Volume 7, Issue 1

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In this issue (May 2015):

The GIS-model: A Dutch approach to gather information in suspect interviews (pp.1-9)
The GIS-model: A Dutch approach to gather information in suspect interviews (pp.1-9)
Authors: Jos Hoekendijk and Martijn van Beek Police Academy of the Netherlands View Abstract

This article describes the development and the underlying principles of the General Interview Strategy (GIS); a strategy used, during the last decades, by the Dutch police to interview suspects. First the current situation concerning suspect interviewing in the Netherlands is discussed. Secondly, a description is given of an experiment the Police Academy of the Netherlands conducted in 1989. This experiment stands at the cradle of the GIS. Next an account is given for the four underlying principles of the GIS in the experiment: (i) Make use of internal pressure, (ii) Try to minimize eventual reluctance to provide an account, (iii) Rule out alternatives, (iv) Challenge the account. These principles are compared to findings from research within the information-gathering paradigm. The article ends with some future challenges.

Price: £20.00
The interview table: A toolbox-approach for suspect interviewing (pp. 10-20)
The interview table: A toolbox-approach for suspect interviewing (pp. 10-20)
Authors: Martijn van Beek and Jos Hoekendijk Police Academy of the Netherlands View Abstract

Writing an interview table is the way to prepare a suspect interview that is making use of the General Interview Strategy (GIS). This article explains, step by step, how to produce an interview table. It furthermore explains how such a table can be used during the interview. A proper interview table contains all the to be used interview tactics and the case related information the interviewer wants to interview the suspect about. The article ends with some final remarks, i.e. some limitations of the interview table.

Price: £20.00
Interviews, intermediaries and interventions: Mock Jurors', police officers' and barristers' perceptions of a child witness interview (pp. 21-35)
Interviews, intermediaries and interventions: Mock Jurors', police officers' and barristers' perceptions of a child witness interview (pp. 21-35)
Authors: Anne M. Ridley, Vedrana van Rheede, and Rachel Wilcock London South Bank University View Abstract
This paper evaluated the effect of the presence or absence of a registered intermediary on perceptions of a transcript of a fictitious child witness interview. Intermediaries have been introduced in England and Wales to advise professionals involved in investigations on how to conduct interviews to enable child victims and witnesses to give their best evidence. To date, no studies have explored the impact of intermediaries among key groups in the criminal justice system. Twenty each of mock jurors, police officers and barristers took part. Half the participants viewed a transcript with no intermediary present and half viewed a version adapted to include the presence of an intermediary who intervened five times. Participants completed questionnaires about the quality of the interview and the credibility of the child. The presence of an intermediary improved perceptions of the interview, with no effect on perceptions of the child. There were differences between participant groups and significant interactions on various measures. These findings have important implications for the intermediary scheme and justice for child victims.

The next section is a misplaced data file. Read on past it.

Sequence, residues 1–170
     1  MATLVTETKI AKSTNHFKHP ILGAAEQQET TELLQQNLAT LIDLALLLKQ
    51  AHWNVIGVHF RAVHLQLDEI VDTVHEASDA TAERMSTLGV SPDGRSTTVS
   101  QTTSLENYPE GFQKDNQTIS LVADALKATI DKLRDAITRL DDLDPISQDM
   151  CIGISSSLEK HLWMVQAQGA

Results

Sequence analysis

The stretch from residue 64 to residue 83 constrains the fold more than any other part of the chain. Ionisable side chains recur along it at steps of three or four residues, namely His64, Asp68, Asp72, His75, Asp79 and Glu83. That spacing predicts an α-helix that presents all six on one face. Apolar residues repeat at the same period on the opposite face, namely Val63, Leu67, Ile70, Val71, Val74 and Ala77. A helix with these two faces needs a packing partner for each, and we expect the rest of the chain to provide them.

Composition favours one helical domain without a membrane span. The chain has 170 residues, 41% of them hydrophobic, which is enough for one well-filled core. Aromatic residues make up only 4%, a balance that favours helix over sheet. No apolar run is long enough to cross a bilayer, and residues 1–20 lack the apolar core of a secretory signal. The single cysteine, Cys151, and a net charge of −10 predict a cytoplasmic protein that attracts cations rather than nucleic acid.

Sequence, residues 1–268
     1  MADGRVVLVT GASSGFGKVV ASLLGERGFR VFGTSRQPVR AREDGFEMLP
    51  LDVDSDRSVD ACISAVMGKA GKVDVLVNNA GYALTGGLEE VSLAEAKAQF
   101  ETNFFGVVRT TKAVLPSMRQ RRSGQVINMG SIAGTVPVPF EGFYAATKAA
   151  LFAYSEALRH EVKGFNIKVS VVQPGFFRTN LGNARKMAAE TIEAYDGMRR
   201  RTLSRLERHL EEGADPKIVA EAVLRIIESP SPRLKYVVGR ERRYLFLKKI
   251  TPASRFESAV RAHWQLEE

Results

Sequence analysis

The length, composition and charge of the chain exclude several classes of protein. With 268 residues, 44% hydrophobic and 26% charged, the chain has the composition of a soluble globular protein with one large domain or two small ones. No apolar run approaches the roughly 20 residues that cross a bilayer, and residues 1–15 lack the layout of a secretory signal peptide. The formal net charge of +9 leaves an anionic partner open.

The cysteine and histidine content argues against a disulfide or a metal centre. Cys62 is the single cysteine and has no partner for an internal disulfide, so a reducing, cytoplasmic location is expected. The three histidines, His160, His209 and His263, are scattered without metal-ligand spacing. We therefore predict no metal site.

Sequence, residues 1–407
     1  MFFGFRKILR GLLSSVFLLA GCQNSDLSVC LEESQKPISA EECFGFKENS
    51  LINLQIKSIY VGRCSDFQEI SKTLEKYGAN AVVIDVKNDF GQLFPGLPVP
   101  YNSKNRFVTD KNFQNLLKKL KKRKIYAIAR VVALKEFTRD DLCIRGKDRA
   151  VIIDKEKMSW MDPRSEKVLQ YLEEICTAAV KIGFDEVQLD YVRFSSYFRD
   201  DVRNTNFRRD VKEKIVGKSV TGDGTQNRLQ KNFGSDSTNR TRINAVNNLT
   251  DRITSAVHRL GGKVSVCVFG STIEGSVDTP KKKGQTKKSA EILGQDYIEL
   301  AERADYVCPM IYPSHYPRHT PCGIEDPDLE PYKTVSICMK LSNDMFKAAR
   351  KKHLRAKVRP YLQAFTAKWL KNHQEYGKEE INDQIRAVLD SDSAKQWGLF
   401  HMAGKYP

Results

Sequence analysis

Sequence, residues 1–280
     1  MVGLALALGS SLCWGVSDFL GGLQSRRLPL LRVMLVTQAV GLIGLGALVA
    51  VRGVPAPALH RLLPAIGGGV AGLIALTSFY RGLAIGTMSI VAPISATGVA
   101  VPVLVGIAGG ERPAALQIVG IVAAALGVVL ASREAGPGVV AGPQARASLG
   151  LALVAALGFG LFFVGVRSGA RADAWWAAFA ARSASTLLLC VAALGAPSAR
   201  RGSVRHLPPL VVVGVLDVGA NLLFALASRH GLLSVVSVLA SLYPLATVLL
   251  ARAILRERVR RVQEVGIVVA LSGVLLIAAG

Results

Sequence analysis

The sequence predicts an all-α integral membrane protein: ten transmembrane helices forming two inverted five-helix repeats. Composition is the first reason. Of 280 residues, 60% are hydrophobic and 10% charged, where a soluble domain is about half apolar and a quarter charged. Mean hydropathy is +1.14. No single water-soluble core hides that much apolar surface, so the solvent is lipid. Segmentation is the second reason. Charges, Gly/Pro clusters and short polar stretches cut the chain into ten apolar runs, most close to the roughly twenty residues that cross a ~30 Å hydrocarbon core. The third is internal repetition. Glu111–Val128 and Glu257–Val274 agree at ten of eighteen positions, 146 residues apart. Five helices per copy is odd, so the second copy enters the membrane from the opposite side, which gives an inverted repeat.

Price: £20.00
Improving the comprehension of detainees' legal rights: A review of two Canadian programs of research (pp. 36-46)
Improving the comprehension of detainees' legal rights: A review of two Canadian programs of research (pp. 36-46)
Authors: Joseph Eastwood, Brent Snook, Timothy E. Moore, and C. Lindsay Fitzsimmons University of Ontario institute of Technology, Canada, Memorial University of Newfoundland, Canada, York University, Canada View Abstract
Individuals detained by police organizations in most Western countries are typically made aware of two legal rights – the right to silence and right to legal counsel – prior to being interrogated. Detainees must understand these rights fully; both for their own protection and to ensure any information gained from them is admissible in court. Two programs of research in Canada have examined the comprehension of Canadian police cautions (i.e., passages of text used by police officers to deliver the aforementioned legal rights), as well as ways to modify cautions to make them more comprehensible. The central findings are that police cautions are difficult to understand but that theoretically driven changes to the structure of the cautions can increase comprehensibility dramatically. In general, it is hoped that this research can serve as an example of how psychological science can have a practical impact on this important aspect of investigative interviewing.

Price: £20.00